One positive effect of a downshift in the housing market is an incline in the rental market.
According to Boring, the best opportunity to fill vacant housing on West Broad Street lies with senior housing.
Boring’s study says 20 million baby boomers will reach retirement age over the next 15 years. Those boomers will ease into retirement, and unlike the previous generation, seek to age in a place where they can take advantage of lifelong learning, second careers, social experiences, travel, outdoor activities and exercise.
“They don’t want to be segmented off. They want to be part of the community,” said Boring, “That’s where the Hilltop area and West Broad can benefit.”
Boring also mentioned that the boomers will be unlikely to want to move away from their communities when they reach retirement age, meaning that Hilltop boomers will likely seek a low-maintenance place to live somewhere in the Hilltop when they retire.
Finally, Boring gave a final piece of advice to area landlords. Young couples and empty-nesters are not likely to have children, but they are very likely to have pets.
“You just can’t pick up the paper anymore and not see something about people and their dogs,” said Boring, “If I was a landlord on West Broad, I would go way out of my way to make sure the place was pet friendly.”
According to Boring’s numbers, the Hilltop is one of the most affordable and stable areas of Columbus. Owner occupancy in the area is 58 percent, which is seven percent higher than that of Columbus.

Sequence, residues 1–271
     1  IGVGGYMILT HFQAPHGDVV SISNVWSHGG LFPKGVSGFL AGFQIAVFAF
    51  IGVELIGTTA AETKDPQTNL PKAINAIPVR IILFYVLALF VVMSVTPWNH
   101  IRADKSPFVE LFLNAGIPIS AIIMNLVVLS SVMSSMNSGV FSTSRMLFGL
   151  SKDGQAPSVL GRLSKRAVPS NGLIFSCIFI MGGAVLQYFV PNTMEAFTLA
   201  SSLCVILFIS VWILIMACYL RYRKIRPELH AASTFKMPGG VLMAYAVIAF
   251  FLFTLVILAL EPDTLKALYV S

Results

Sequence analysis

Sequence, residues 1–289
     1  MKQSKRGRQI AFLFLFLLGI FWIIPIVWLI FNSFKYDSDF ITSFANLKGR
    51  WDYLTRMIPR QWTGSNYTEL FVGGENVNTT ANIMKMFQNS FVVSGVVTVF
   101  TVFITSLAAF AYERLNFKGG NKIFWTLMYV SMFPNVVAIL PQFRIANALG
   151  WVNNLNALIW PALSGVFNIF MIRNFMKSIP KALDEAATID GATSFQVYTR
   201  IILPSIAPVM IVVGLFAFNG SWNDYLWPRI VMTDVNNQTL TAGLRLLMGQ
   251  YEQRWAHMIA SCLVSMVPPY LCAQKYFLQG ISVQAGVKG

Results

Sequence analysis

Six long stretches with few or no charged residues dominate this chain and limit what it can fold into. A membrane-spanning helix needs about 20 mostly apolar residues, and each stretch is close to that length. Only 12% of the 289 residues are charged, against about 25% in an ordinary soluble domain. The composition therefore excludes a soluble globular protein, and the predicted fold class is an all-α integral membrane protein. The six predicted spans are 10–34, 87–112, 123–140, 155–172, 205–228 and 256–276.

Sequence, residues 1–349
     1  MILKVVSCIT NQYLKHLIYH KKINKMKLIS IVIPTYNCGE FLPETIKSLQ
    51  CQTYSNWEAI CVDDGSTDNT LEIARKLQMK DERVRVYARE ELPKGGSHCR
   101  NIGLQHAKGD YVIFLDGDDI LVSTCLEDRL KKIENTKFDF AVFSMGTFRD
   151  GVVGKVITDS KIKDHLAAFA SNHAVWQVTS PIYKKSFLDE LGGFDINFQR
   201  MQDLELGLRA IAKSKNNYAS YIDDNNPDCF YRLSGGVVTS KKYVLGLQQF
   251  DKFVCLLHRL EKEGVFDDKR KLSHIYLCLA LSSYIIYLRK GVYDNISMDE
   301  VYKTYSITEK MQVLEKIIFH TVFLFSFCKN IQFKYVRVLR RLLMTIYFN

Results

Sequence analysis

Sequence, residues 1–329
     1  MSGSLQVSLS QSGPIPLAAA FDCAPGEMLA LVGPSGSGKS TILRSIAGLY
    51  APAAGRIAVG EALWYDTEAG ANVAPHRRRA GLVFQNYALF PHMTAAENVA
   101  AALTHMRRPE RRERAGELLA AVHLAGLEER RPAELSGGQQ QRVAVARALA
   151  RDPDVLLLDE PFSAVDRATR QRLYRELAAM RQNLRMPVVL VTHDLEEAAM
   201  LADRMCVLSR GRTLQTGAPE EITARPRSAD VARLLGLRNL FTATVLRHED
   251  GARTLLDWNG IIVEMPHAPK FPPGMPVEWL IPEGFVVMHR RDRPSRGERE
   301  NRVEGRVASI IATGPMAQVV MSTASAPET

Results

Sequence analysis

These low rates lead to longer tenure among Hilltop residents. Sixteen percent of Hilltop residents are more likely to have lived in the same residence five years ago. This factor often leads to a higher number of people investing in and caring about their community.
Suggestions for improvement
Boring gave several suggestions for improving the climate on West Broad. Some of those suggestions include: tear down blighted buildings, more code enforcement, beautify, trash cleanup, seek more assistance from the city, additional crime patrol, better lighting and additional parking.
He also gave several suggestions for new business wanted in the area, including sit-down restaurants, coffee shops, fast food, an upscale sports bar and a gift/craft/antique shop.
These suggestions were the result of interviews with merchants conducted by Boring.
Boring feels that West Broad is at a “tipping point,” where it could go either way. With more vacancies, he feels things will continue to decline, but if those vacancies start to fill, good things could happen.
However, work needs to be done before the vacancies will fill up.
“The area needs to be clean and safe before you’re going to bring in new businesses,” said Boring.
Boring feels that the best opportunity for a business in the area is a sit-down restaurant.
“If you get one person to open and they are successful, you’ll have others. Restaurants are most successful in clusters. People usually decide what part of town to eat in and then narrow it down,” said Boring.
Boring’s final report is expected to take place in approximately one month. The date for that meeting has not yet been set.
Once those final analyzations have been made available, strategic recommendations will be formulated and given to the city, as well as the HBA.